When I first tried to log in to my Infinite Campus account in the school on Dec. 21, I was puzzled to find that my access to the gradebook was blocked. Confused, I reached out to my friends, expecting that it was a simple mistake.
After finding out that the gradebook was blocked for them as well, my frustration and annoyance began.
I angrily told my friends that I needed to check my grade: I had borderline grades in multiple classes. How was I supposed to relax over break when I didn’t know what my final grades would be?
From the onset, I thought that the stress and anxiety of not being able to view the gradebook was going to ruin my break.
However, I soon realize that because I no longer had the ability to continuously refresh my grades, I forgot to check them at all. Without the temptation of watching my grades with hawkish attention, I had no choice but to move on and just relax.
Other students had similar experiences. While they initially found the closure of Infinite Campus to be frustrating, they soon realized that once they were no longer able to constantly check grades, they were able to have a less stressful and enjoyable break.
“Because Infinite Campus was down, I knew there was no point in checking it,” Palo Alto High School senior Kendra Wu said. “If Infinite Campus had been open, I know I would have checked it repeatedly, adding to the already large stress of doing college applications.”
Junior Jack Callaghan said, “Originally, I was kind of mad because I thought that not knowing our final grades for a while would be pretty stressful. But as break went on, I realized that it was actually really nice to not have to think about school or grades at all and just relax for a few weeks.”
There is a reason why schools don’t give homework during winter breaks: They don’t want students to do work during a time when they are supposed to be relaxing. The very basis for having breaks is so that everyone, both students and adults, have the opportunity to step away from their work. Creating time when you are not constantly stressing out about work or school is essential to one’s mental health.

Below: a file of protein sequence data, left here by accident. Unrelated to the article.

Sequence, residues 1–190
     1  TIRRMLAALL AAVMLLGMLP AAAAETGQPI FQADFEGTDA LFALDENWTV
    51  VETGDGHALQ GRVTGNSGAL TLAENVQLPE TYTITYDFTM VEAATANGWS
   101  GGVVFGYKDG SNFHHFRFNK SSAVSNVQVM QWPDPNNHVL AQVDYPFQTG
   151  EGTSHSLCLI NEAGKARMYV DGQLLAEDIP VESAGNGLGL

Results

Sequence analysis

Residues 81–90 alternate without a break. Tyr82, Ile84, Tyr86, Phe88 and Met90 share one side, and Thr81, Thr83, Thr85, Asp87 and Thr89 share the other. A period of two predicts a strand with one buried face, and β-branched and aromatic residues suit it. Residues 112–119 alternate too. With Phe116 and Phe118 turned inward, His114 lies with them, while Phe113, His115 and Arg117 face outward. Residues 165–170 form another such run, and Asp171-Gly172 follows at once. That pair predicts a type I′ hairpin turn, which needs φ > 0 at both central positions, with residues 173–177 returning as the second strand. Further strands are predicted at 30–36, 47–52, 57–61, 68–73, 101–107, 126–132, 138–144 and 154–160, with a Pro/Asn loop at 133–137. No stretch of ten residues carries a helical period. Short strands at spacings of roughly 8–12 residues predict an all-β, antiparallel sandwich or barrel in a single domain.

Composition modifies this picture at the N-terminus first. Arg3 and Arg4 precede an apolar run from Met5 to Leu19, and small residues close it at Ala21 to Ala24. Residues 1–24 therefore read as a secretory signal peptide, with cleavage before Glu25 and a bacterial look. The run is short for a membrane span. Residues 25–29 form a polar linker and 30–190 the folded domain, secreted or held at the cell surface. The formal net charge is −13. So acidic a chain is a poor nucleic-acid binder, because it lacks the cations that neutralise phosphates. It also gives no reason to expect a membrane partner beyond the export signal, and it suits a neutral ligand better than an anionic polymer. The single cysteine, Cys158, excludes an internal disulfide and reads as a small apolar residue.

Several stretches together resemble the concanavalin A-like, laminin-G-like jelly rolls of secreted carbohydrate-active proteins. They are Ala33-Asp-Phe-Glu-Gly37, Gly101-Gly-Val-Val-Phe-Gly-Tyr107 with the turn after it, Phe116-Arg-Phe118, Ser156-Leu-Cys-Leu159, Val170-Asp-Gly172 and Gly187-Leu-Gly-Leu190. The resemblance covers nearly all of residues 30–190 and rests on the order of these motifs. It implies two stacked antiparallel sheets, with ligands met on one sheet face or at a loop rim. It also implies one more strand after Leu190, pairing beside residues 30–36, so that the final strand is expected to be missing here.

Closing Infinite Campus’s gradebook does just that: It removes a point of anxiety for students so that they can have some downtime.
“I think that it [closing of the gradebook] is a benefit for students because it’s a signal to say ‘this is your vacation, it’s shutdown time,’” Spanish teacher Kevin Duffy said. “You need to detach and relax and enjoy yourself and not worry about your grade right now. Enjoy yourself, have family time, time with friends.”
It is also important to note that this policy closing student access to the gradebook not only positively impact students, but also teachers. After months of teaching multiple classes, coming up with class and test materials, grading essays and tests, winter break is also a time for teachers to relax. We shouldn’t expect teachers to sacrifice their precious rest time for our perceived needs.
Many students claim that it is more stressful to not know their grades, and that this stress impedes them from having fun. This is the very mentality that these kinds of policies should aim to counter. Have we become so intrinsically tied to our grades that we cannot go one moment without thinking about them? Maybe we have, and maybe that’s why this policy should exist: to break that toxic bond.
There were certainly technical problems when the administration closed the gradebooks, such as students still receiving notifications each time teachers posted grades but not being able to view them. But those problems still don’t take away from the intentions and the importance of creating an environment that allows students to forget about school, grades, and grade-point averages for at least the break.
As Duffy put it, the closure of Infinite Campus gradebook is very similar to our dependence on electronics.
“It’s like cellphones,” he said. “Sometimes you need to put it away, [and] not touch it. If it’s out of sight, it’s not a temptation.”
The closing of the gradebook certainly doesn’t solve all the problems related to stress; it doesn’t even scratch the surface. But there is no one panacea. Rather, there are various things that both students and administrators can do to cultivate an environment that discourages the culture of perpetual stress.
After five months constantly fretting over tests and quizzes, Winter Break is your chance to spend two weeks without any of that. You are allowed to relax and just forget about school and grades. Trust me, you have deserved it.
Check out the other perspective on this issue here.